Roots Corp. is pulling back on its ambitious North American expansion plans after reporting weak quarterly results just over a year following its initial public offering.
“We are planning to take a more conservative approach to our expansion plans until we see meaningful consumer response to and sustainable momentum around both our new marketing initiative and the products we tested in fiscal 2018 for larger scale rollout in fiscal 2019,” Jim Gabel, the company’s chief executive, told analysts on a conference call on Tuesday.
“We know that we are disappointing some people when we come out with results like this. We are not anxious to disappoint again.”
The lacklustre results sent shares of the iconic Canadian clothing company plummeting more than 29 per cent in early trading on Tuesday to a record low of $3.21. Roots shares have dropped more than 69 per cent since its October 2017 IPO. The company’s stock was trading at $3.55 at 1:10 p.m. ET, a decrease of more than 21 per cent.
Roots said the company had previously planned on opening between 10 to 14 new locations in the United States during its 2019 fiscal year, but will now instead open between just five and six new stores. At the same time, Roots will decrease the number of stores that will undergo renovations and expansions next year, from between 29 and 33 down to between 19 and 21. International expansion in the United States, as well as in China and Taiwan, has been a key aspect of the company’s growth strategy following its IPO.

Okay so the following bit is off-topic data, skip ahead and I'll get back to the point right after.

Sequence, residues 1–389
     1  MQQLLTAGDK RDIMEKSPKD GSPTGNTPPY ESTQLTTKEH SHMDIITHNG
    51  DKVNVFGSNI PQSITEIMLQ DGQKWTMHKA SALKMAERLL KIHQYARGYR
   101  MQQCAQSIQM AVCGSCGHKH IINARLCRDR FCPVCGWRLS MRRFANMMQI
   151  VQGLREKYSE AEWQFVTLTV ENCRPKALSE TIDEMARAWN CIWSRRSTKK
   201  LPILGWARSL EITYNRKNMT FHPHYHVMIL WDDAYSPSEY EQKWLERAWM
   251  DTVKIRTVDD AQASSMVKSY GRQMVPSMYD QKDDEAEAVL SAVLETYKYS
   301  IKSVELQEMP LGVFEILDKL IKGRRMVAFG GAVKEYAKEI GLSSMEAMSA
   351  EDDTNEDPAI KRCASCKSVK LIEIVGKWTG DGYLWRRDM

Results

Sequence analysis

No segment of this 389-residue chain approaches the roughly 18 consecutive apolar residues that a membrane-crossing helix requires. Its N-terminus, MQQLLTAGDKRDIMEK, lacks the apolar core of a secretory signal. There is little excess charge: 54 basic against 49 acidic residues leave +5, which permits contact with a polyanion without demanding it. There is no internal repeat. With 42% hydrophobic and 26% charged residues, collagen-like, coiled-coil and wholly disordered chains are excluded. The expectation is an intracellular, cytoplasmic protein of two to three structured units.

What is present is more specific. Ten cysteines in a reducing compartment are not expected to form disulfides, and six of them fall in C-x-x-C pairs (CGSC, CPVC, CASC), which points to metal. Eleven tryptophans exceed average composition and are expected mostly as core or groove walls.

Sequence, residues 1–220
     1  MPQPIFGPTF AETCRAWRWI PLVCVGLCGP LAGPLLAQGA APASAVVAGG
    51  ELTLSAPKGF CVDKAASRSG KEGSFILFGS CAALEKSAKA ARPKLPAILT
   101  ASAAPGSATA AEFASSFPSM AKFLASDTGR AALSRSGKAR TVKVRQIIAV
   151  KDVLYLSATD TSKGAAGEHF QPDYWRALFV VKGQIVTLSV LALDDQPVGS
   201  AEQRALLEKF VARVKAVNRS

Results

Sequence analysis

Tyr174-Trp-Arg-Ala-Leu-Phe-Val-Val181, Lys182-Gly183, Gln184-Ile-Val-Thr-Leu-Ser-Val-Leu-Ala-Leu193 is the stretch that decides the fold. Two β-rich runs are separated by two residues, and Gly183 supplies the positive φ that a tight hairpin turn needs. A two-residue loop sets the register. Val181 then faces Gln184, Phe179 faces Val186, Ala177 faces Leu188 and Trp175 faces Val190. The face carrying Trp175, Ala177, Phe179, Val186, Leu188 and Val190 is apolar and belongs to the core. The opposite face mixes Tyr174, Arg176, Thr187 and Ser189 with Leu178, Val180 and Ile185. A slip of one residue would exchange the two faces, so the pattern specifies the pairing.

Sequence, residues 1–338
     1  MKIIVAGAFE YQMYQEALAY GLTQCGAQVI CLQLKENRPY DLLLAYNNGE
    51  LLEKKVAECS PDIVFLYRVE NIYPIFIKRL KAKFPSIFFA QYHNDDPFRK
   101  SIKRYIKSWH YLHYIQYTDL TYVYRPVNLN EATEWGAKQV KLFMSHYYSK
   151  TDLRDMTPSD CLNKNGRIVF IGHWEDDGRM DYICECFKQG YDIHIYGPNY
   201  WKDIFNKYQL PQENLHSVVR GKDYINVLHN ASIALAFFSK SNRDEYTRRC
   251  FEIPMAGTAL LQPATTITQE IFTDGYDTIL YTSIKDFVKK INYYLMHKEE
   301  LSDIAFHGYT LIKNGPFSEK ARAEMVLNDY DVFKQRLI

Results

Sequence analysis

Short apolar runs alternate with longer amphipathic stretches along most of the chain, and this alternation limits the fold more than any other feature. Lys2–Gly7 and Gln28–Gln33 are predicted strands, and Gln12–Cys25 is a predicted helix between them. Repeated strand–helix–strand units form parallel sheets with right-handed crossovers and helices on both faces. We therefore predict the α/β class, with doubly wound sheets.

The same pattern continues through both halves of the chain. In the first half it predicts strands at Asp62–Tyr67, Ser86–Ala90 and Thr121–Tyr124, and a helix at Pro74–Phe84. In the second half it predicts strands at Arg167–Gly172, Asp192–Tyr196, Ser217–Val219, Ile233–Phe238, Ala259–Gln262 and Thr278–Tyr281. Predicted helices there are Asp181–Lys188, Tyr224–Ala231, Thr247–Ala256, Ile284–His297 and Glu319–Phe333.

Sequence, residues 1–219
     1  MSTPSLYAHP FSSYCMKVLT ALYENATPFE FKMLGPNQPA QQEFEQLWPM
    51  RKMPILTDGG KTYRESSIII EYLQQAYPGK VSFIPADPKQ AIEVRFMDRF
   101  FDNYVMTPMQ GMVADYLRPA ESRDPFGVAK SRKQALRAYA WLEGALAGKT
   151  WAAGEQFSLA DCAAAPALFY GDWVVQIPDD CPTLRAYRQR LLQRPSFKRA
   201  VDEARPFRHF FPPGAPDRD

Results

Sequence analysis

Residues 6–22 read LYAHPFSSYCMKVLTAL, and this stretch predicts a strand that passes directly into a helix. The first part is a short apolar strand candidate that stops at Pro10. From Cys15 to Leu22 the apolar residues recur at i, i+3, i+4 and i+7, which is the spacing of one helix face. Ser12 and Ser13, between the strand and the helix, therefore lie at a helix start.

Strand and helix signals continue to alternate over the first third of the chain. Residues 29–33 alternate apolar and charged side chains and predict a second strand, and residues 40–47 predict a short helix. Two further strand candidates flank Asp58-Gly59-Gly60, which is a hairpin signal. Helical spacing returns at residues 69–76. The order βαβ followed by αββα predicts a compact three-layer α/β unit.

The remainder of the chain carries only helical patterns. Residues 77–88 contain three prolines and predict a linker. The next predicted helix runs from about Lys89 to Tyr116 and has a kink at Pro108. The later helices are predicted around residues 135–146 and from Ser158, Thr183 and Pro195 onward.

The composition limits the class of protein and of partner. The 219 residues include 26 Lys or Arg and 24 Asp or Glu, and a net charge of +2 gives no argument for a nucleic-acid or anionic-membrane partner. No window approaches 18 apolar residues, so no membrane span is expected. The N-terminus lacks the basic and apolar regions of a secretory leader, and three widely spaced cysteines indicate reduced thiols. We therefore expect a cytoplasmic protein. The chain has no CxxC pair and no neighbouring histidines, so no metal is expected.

The weak results also prompted the company to revise several of its 2019 financial targets, including sales and adjusted net income. Roots now expects its 2019 sales to come in at between $358 million and $375 million, down from a target of between $410 million and $450 million. Adjusted net income is now expected to be between $20 million and $24 million, down from a range of $35 million and $40 million.
The company pinned the weak results on the lack of a major marketing campaign, unseasonably warm fall weather, and one-time sales related to Canada 150 during the same time last year.
“When we look back at 2018, there was a lot of activity,” Gabel said. “But as we look forward to 2019, we’ll do less things but we’ll do them much better and with a louder voice. And we think that will really resonate well with the consumer.”
Roots said total sales in the third quarter fell 3 per cent to $87 million, down from from $89.7 million during the same time last year. Net earnings came in at $2.8 million million, or seven cents per share, compared to $5 million, or 12 cents per share, in 2017. On an adjusted basis, net income fell more than 52 per cent, from $9.6 million, or 23 cents per share, to $4.7 million, or 11 cents per share.